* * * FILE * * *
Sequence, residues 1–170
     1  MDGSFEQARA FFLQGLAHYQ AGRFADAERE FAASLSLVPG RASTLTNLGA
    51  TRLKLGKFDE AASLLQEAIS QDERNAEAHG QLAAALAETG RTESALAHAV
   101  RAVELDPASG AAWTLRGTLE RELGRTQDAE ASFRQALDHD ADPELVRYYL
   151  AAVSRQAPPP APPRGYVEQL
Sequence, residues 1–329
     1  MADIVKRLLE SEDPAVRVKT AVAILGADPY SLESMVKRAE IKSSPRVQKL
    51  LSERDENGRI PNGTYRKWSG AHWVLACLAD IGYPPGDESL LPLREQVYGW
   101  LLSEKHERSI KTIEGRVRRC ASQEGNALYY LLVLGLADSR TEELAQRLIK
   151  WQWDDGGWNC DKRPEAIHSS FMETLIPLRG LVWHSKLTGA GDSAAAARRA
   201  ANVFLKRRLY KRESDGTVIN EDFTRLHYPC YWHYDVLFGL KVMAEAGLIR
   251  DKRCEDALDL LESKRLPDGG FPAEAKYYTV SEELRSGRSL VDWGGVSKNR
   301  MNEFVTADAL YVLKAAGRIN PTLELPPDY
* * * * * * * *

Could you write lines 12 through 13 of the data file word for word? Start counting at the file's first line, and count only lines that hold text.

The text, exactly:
   251  DKRCEDALDL LESKRLPDGG FPAEAKYYTV SEELRSGRSL VDWGGVSKNR
   301  MNEFVTADAL YVLKAAGRIN PTLELPPDY